The family asks that donations be made in his name to Memorial Sloan Kettering.

Steven Mulvey Jr.

Stephen W. Mulvey Jr. of Rye, New York and Vero Beach, Florida passed away September 13, 2017 following complications from a stroke.

Born on December 18, 1951 in Brooklyn, New York, he was one of six children of Stephen “Bud” and Patricia Mulvey. His parents and grandparents were part owners of the Los Angeles Dodgers dating back to the Brooklyn Dodger days.

After graduating from Iona Prep School in 1971, he attended Notre Dame. He remained an avid supporter and devoted fan of all Notre Dame Irish Sports.

Mr. Mulvey was a successful businessman. Early on, he was involved in the Mulvey McKeever Exhibition Company, a family holding company formed in 1912, with substantial investments in the motion picture industry, Major League Baseball, golf, and real estate.

His found his greatest success with the formation of Pinnacle Golf and the creation of three distinctive clubs in Vero Beach: Quail Valley in 2001, the River Club in 2003, and The Pointe in 2016.

Outside of his professional life, he was either supporting his wife Kathy’s golf accomplishments or hunting and fishing. He was a lifelong member of Westchester Country Club, where he and his wife spent countless hours with friends.

In addition, Mr. Mulvey was a proud member of the National Rifle Association, Ducks Unlimited, and many organizations committed to balancing land conservancy and wildlife.

He will deeply miss his friends at his beloved cabin at The Wounded Bear Lodge in Long Eddy, N.Y., as well as the numerous sportsmen whom he hunted with over the years.

In addition to his devoted wife Kathy, he is survived by his brothers, Kevin, Patrick, and James, and his sister, Keelyn Mulvey, along with his beloved St. Bernard, Truman. His parents and sister, Maripat Mulvey, predeceased him.

Steve Mulvey will be remembered as a man who was loyal to his family and friends, a devoted husband, and someone who would happily share a beer.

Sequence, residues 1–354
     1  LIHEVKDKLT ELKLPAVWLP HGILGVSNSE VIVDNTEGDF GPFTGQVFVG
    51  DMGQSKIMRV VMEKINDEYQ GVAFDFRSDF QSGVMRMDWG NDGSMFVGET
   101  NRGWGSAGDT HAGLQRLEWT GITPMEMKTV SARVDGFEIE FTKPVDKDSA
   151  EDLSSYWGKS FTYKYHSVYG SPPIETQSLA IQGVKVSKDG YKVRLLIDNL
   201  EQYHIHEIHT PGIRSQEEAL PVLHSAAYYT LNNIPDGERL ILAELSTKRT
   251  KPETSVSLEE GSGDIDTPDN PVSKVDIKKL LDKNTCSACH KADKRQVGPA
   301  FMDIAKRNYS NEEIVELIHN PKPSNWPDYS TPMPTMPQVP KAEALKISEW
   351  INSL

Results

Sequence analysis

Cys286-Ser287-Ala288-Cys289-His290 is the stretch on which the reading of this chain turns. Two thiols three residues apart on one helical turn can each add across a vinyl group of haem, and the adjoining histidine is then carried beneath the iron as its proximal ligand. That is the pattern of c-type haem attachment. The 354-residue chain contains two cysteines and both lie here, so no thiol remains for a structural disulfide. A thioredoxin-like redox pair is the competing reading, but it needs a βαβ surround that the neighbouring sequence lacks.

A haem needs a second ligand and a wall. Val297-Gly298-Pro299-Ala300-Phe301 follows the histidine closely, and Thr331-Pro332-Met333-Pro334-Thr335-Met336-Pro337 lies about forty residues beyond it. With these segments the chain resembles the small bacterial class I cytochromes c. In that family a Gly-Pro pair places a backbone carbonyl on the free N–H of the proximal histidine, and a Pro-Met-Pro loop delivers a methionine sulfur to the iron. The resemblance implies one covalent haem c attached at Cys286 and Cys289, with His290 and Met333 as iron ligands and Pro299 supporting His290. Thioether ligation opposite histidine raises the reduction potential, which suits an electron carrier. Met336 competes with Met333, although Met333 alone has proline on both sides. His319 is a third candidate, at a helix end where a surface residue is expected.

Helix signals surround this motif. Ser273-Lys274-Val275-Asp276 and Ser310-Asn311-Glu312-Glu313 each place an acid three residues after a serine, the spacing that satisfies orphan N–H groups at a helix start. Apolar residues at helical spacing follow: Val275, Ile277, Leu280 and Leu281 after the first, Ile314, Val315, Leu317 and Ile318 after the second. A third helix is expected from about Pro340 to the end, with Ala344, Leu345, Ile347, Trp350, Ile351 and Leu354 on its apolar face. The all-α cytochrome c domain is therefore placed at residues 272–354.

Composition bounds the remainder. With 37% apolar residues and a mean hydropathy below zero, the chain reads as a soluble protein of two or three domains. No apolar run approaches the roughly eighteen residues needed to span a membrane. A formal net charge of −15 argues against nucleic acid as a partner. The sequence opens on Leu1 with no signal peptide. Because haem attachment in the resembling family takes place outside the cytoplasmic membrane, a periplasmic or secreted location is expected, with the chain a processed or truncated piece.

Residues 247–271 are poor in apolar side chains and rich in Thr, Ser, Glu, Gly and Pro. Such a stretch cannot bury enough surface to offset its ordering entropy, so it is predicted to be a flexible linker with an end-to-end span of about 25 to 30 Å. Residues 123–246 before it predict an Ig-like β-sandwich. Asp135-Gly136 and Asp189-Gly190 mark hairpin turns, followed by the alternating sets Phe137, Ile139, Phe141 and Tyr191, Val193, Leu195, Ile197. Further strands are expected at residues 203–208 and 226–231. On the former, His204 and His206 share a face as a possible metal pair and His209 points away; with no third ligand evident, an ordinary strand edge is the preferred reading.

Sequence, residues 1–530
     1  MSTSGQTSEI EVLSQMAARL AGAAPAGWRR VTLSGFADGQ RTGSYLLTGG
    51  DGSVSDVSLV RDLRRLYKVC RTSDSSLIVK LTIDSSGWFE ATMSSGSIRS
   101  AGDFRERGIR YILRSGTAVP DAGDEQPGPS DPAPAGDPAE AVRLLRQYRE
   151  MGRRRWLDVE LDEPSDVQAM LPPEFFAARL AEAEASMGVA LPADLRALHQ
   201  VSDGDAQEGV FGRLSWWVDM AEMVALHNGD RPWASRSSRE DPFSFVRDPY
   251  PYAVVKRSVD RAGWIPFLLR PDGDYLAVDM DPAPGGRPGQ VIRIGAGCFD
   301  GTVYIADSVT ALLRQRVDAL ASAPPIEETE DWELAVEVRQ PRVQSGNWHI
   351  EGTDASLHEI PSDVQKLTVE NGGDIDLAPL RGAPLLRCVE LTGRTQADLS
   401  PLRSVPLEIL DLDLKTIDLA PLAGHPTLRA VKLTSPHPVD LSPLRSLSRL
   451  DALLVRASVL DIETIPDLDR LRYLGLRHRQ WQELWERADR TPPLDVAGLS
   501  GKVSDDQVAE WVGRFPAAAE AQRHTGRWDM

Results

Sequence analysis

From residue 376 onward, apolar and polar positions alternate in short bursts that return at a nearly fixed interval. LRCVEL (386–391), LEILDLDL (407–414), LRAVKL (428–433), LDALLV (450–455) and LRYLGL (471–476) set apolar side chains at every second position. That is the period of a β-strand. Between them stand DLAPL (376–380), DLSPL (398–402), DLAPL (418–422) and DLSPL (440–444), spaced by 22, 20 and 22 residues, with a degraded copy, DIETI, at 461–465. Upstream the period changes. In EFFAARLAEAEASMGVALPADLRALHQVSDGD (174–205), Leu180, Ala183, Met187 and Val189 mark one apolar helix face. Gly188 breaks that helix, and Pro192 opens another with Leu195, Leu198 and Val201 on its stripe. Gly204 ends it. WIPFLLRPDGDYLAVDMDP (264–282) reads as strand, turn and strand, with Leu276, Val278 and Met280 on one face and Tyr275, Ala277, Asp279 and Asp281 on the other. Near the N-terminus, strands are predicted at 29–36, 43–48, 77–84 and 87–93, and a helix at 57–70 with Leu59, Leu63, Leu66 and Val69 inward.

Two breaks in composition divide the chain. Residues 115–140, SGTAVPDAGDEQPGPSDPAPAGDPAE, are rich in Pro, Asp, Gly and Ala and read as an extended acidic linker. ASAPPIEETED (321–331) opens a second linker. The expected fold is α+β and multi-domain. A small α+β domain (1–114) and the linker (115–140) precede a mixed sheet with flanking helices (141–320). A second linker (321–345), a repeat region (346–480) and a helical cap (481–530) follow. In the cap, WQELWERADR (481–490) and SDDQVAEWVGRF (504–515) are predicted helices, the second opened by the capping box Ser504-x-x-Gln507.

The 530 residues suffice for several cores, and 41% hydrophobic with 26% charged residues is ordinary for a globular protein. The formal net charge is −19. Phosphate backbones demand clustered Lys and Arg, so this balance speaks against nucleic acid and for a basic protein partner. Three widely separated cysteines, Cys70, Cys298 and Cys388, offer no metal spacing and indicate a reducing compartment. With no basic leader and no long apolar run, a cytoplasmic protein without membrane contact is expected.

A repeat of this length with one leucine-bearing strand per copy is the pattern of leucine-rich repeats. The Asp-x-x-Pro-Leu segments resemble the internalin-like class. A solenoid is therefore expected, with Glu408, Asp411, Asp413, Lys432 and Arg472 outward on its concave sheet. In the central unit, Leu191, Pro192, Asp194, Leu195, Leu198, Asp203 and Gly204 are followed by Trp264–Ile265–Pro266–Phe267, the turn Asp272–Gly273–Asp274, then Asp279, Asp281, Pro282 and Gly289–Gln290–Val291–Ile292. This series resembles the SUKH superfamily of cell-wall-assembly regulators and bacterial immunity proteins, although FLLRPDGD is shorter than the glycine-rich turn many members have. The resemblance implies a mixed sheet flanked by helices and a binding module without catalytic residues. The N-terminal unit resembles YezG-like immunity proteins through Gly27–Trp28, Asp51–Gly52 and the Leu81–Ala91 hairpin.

He was so grateful to everyone who took time to send him cards and letters, along with those who visited him during his recovery and rehabilitation. He will undoubtedly be remembered for his zest of life.

Gisela Haugenes of Rye passed away on September 27, 2017. She was 84.

Born October 10, 1932 in Tonsberg, Norway, she was the daughter of Jack and Esther Smaso. She immigrated to the United States in 1948 and lived in New York City with her mother and siblings, Nina and Jack.

In 1955, she married Ottar Haugenes, and they lived in Bay Ridge, Flushing, and Huntington, N.Y. until 2011 when she moved to Rye. Her husband predeceased her.

Mrs. Haugenes’ love for Norway and dancing was only matched by her love of family. She was the loving mother of Scott Haugenes (Claudine), Steve Haugenes (Susan), aunt of Linnea Wrage (George) and Monique Koedel, and cherished grandmother of Skylar, Hannah, Dylan, Jackson, and Tor. She is also survived by her niece, Scarlett and nephews, Wyatt and Colton.

A brunch will be held Saturday, October 7 from 10 a.m. until 1 p.m. at Rye Golf Club.

To place an online condolence, visit Donations in her memory may be made to Mount Sinai Beth Israel Hospital’s Vascular Biology Research Department (

Ted W. N. Rheingold, 47, died September 4, 2017. The cause of death was cancer. While immunotherapy extended his life for a period of time, he ultimately died peacefully in palliative care in San Francisco, where he had lived since 1992.

Born in Rye, on June 2, 1970, he was the son of Joyce and Paul Rheingold. He went to Rye High School, where he was on the ski team, and from which he graduated in 1988.

After graduating from the University of Pennsylvania, with a degree in International Relations, he promptly moved to San Francisco, attracted by the rising technology industry.

He became a successful entrepreneur and angel investor whose passion for advising early-stage startups earned respect in Silicon Valley. He was the founder and CEO of Dogster and Catster, social networking websites for people and their pets. In 2001, he started an Internet development company called One Match Fire, where he engineered websites for a range of businesses.

Through his yearlong fellowship with IDEX in Bangladesh, and extensive world travels, Mr. Rheingold gained a strong sense of connection to people, which impacted his life’s work. His enthusiasm for creating “profit from purpose” led him to work in recent years with companies in developing nations as well as in underserved communities in the United States.